In what the Financial Review dismissed as “farcical scenes”, at a forum hosted by the Association of Mining and Exploration Companies, “one mining executive asked government officials whether planting a tree near the Swan River in Perth would require a site inspection by traditional owners and the preparation of a heritage management plan.
“The officials replied it would depend on the size of the tree.”
The estimated cost of consulting what Mr Kannis described as “knowledge holders” ranged between AUS$80 and AUS$280 per hour (≠ £42/$55) (≠ £140/$150).
However, as the Financial Review also noted, “Junior exploration companies complained of being charged upwards of $200,000 for heritage surveys in the lead up to the new laws coming into force and said the rollout had been shambolic.”
Penalties for those in breach of the law included fines that started at AUS$20,000 for moving or selling ACH objects. An individual seriously harming ACH could be fined AUS$1m, while a corporation could be fined AUS$10m, with both also risking jail terms.
Concern led to scrapping of fines for initial period
Such was the concern over this amid confusion over how the law would be interpreted that Mr Cook scrapped fines for the first 12 months of enforcement while the legislation bedded down.
The WA government dismissed calls for a review, even after a petition launched by the Pastoralists and Graziers Association demanding a six-month delay raised 27,000 signatures.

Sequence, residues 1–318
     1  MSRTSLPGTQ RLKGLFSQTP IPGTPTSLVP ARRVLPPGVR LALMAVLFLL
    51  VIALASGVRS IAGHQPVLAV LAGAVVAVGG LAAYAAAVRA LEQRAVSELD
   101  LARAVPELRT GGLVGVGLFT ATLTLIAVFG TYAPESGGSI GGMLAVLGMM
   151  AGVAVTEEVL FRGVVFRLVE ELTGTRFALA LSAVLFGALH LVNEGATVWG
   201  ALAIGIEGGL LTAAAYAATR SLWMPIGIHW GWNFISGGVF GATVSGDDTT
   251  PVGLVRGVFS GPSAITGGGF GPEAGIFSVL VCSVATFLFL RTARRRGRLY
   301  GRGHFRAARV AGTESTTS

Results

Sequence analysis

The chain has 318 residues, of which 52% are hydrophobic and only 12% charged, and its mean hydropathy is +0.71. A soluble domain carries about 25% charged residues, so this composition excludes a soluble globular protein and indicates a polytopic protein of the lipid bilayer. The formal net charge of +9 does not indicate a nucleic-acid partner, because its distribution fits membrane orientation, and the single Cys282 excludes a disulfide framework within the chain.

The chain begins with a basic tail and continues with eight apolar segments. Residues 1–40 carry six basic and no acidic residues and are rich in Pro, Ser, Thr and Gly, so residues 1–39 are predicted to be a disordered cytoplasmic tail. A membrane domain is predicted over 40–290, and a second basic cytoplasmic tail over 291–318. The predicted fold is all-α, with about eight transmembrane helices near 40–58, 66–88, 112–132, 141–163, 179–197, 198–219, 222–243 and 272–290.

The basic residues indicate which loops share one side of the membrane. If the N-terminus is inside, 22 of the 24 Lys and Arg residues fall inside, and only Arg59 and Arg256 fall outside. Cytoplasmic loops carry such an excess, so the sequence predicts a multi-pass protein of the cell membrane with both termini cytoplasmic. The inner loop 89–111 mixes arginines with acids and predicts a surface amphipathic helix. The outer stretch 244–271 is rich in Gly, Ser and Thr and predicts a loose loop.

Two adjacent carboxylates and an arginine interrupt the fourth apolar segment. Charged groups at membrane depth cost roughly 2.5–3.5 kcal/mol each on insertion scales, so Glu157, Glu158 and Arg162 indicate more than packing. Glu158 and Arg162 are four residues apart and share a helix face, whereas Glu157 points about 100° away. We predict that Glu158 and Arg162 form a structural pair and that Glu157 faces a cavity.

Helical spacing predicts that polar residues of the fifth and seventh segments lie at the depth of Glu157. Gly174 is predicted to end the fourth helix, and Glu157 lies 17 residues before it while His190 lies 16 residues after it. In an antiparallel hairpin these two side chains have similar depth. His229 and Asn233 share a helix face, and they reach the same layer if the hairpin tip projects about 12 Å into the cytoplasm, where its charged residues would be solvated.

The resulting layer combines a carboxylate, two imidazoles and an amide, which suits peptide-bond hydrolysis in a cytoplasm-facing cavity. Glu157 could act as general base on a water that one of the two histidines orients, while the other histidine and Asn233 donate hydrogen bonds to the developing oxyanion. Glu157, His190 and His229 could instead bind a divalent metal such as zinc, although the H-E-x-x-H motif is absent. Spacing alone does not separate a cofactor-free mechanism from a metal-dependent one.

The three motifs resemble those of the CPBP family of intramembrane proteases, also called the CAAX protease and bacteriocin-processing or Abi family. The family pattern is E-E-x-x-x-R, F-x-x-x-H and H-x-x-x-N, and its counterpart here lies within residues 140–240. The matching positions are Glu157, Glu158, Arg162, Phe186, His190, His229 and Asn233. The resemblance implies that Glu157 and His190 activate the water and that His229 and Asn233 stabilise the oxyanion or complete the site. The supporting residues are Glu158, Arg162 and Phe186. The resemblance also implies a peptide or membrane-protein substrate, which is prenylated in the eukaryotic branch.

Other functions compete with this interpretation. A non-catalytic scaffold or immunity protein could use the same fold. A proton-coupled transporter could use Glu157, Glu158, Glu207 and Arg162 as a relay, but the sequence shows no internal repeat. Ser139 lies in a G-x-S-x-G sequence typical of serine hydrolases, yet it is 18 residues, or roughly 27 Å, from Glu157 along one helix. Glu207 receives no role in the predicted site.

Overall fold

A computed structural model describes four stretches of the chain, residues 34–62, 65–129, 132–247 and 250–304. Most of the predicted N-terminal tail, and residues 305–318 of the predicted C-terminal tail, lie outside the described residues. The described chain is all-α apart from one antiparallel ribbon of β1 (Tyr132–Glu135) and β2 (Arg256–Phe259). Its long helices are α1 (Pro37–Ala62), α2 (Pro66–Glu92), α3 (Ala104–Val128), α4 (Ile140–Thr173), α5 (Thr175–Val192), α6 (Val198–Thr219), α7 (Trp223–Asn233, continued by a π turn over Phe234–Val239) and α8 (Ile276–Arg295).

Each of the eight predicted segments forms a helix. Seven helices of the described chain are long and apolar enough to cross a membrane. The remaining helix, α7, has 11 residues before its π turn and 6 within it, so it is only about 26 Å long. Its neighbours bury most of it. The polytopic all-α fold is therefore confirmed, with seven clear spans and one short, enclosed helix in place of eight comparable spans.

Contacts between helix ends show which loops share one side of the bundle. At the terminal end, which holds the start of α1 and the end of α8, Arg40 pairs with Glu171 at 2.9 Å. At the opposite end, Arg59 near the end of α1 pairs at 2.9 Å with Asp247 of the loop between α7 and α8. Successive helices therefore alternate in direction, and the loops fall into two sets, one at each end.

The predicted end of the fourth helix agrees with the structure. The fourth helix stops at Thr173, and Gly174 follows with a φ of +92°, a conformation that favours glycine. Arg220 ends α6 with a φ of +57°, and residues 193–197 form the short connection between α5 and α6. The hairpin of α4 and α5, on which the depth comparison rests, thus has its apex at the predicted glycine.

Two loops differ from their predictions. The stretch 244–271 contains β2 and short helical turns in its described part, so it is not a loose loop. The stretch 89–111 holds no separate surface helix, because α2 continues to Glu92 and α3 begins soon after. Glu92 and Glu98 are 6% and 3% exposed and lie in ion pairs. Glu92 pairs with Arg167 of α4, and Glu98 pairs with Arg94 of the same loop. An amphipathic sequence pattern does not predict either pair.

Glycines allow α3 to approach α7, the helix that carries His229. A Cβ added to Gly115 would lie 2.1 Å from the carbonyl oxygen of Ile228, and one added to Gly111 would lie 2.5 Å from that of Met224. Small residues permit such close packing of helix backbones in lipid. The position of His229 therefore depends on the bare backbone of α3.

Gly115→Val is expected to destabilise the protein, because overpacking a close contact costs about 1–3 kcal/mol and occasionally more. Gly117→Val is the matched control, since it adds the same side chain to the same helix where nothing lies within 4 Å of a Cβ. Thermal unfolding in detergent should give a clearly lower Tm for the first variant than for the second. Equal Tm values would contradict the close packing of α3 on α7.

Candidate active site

Mr Cook ruled out any delay to the new regulations, despite the widespread concern, saying: “The laws are about a simpler, fairer, like-for-like transition of the current laws already in place.”
However, reality soon struck, with the impact on mining interests, as well as farming, seen as devastating. Support for the government plummeted.
Meanwhile, having secured a cultural hegemony via the new law, Aboriginal Heritage groups are now furious at the WA government change of heart.
In all, this was a textbook case in how not to address the valid concerns of indigenous groups as they fight to protect their culture. The WA government under Roger Cook dismissed the equally valid concerns of ordinary people in protecting fundamental human rights relating to property. In turn, this infringement blighted the economy in such a way that much of it risked grinding to a halt in weeks if not days. And that would have driven a deeper wedge between the competing interests of landowners and indigenous groups.